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Name: Paul Anguiano
Richland, WA (Zone 7a)
GW & DG: tropicalaria
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psa
Oct 16, 2016 12:22 AM CST
I don't know where in the forums to put this plant--I can't believe I couldn't find threads on it already.

Thumb of 2016-10-16/psa/85d7c2

I've been growing wasabi, mostly in aquaponics systems, for a couple years now, and decided to take it a bit more seriously this year. For me the principle obstacle has been heat (but they also don't like a freeze). I've managed to keep some growing in the greenhouse for a long time now, and it seems that cool water temperatures go a long ways toward mitigating high air temperatures. These plants are also, like many brassicaceae, highly susceptible to aphids.

I'll be up front in saying that I'm messing about with these, like I do so many other plants, for my own amusement. We'll see what comes out of my efforts in a couple more years, but I'm patient. That said, I run a wholesale plant nursery business, so I employ quarantine protocols, IPM, climate monitoring, mass production methodologies, and strict observation and record keeping, as in all of my plant projects.

Here are my latest trials, on extra deep water tables (~1" of water) with some plants each in coarse media, fine media, and classic peat-based propagation mix. I have Daruma, Mazuma, Green Thumb, and wild strains of wasabi plants, under two different artificial lighting protocols. For this first phase (~5 months) I will not be varying temperature between the groups, but I plan to do a split after that with cooler and warmer conditions. Temperatures in the current setup swing from 60F (~15C) at night to 77F (25C) during the day.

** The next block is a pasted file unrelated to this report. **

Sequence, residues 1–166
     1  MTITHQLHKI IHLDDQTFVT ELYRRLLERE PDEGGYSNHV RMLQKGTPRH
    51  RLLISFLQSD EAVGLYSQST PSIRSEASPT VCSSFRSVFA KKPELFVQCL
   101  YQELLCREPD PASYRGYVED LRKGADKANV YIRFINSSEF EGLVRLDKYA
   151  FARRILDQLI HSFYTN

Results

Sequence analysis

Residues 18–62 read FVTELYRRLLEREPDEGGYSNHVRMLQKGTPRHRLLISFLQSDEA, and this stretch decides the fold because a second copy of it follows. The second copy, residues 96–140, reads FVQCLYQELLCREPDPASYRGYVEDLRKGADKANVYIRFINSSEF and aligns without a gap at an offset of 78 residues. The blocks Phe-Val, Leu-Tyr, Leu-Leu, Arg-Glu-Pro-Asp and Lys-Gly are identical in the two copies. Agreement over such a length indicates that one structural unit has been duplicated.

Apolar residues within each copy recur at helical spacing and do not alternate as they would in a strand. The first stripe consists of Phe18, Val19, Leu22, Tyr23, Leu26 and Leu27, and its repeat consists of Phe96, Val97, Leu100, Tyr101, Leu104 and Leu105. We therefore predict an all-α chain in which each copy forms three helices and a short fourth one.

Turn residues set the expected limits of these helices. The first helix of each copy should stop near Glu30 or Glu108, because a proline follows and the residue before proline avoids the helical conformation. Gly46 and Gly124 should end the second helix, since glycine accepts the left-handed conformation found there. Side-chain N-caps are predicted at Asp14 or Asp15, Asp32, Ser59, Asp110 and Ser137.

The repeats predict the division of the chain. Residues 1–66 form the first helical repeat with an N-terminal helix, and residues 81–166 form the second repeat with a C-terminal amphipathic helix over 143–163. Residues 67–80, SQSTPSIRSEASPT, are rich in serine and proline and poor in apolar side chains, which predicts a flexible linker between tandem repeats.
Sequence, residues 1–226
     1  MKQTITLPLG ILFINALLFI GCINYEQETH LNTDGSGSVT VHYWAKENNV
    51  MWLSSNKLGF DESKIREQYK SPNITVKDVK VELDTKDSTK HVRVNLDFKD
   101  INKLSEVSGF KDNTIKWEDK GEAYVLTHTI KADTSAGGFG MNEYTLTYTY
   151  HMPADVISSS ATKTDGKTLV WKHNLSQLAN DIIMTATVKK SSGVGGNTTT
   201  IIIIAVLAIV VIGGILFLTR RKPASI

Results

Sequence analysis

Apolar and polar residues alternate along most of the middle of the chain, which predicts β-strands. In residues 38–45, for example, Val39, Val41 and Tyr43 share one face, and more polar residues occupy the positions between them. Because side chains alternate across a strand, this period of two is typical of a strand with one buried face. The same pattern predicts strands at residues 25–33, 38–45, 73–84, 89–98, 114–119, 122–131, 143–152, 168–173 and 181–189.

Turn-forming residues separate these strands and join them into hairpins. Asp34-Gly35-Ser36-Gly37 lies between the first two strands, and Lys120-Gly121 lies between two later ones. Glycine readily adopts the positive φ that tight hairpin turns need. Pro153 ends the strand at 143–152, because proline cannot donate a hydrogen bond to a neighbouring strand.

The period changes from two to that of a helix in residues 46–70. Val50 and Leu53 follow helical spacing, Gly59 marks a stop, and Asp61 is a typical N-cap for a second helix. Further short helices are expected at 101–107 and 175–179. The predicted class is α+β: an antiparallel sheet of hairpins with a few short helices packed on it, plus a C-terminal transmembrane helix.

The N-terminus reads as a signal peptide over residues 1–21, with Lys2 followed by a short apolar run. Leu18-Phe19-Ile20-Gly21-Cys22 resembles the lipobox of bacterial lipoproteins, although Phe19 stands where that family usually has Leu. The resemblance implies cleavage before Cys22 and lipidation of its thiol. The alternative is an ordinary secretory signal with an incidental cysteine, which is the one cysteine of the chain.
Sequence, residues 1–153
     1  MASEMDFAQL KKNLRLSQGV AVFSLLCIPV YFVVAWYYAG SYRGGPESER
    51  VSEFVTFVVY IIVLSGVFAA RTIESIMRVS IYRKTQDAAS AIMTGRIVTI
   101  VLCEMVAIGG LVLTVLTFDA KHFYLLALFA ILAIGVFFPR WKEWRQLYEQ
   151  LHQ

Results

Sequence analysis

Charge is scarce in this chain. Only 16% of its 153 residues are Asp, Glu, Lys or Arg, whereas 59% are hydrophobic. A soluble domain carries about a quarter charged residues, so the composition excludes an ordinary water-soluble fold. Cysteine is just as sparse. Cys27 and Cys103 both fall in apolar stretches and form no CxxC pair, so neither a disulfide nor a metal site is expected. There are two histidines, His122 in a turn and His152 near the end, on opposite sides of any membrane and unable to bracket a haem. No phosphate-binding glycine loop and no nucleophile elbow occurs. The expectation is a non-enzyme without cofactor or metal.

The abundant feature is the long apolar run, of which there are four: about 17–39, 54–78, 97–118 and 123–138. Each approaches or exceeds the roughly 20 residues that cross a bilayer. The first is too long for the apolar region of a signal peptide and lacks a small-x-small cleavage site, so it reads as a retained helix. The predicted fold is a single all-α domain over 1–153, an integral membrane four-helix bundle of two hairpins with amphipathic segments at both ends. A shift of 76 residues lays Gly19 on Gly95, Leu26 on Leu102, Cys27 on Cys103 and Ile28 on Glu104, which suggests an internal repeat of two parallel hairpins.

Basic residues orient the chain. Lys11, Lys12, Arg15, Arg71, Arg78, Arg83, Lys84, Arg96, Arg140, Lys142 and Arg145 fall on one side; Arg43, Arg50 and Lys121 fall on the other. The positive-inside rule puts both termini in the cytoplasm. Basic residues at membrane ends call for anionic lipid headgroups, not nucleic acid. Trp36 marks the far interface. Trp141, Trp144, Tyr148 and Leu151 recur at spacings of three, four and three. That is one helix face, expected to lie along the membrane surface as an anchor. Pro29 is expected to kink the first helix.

In six months the plan is to split the group, with one half moving out into warmer temperatures and less absolute control over conditions (shadehouse), and the other remaining indoors. At that time we'll also be evaluating transplanting protocols, but that will depend a bit on the observed growth. In all, the two year plan is quite involved, but there are many forks it could take based on observations, and those criteria are many. There are also many things I'd like to explore with these plants, including propagation and crosses, and the interplay between nutrients, temperature, light, and media.

I'm still making adjustments to the tables, but here's an early shot:

Thumb of 2016-10-16/psa/612b27

The plants in loose media have produced more young leaves, including side shoot leaves, since they were transplanted, while those in peat mix have better enlarged the fewer leaves that they have. I have my doubts about the peat mix, but plants using it and sunk into the aquaponic tables in the green house have been amazingly tough.


Name: Dillard Haley
Augusta Georgia (Zone 8a)
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farmerdill
Oct 16, 2016 6:27 AM CST
One thing I have never tried to grow. It is an herb. Wasabia japonica or Eutrema wasabi. Similar to horseradish which is more often used as a substitute.
Name: Sandy B.
Ford River, Michigan UP (Zone 4b)
(Zone 4b-maybe 5a)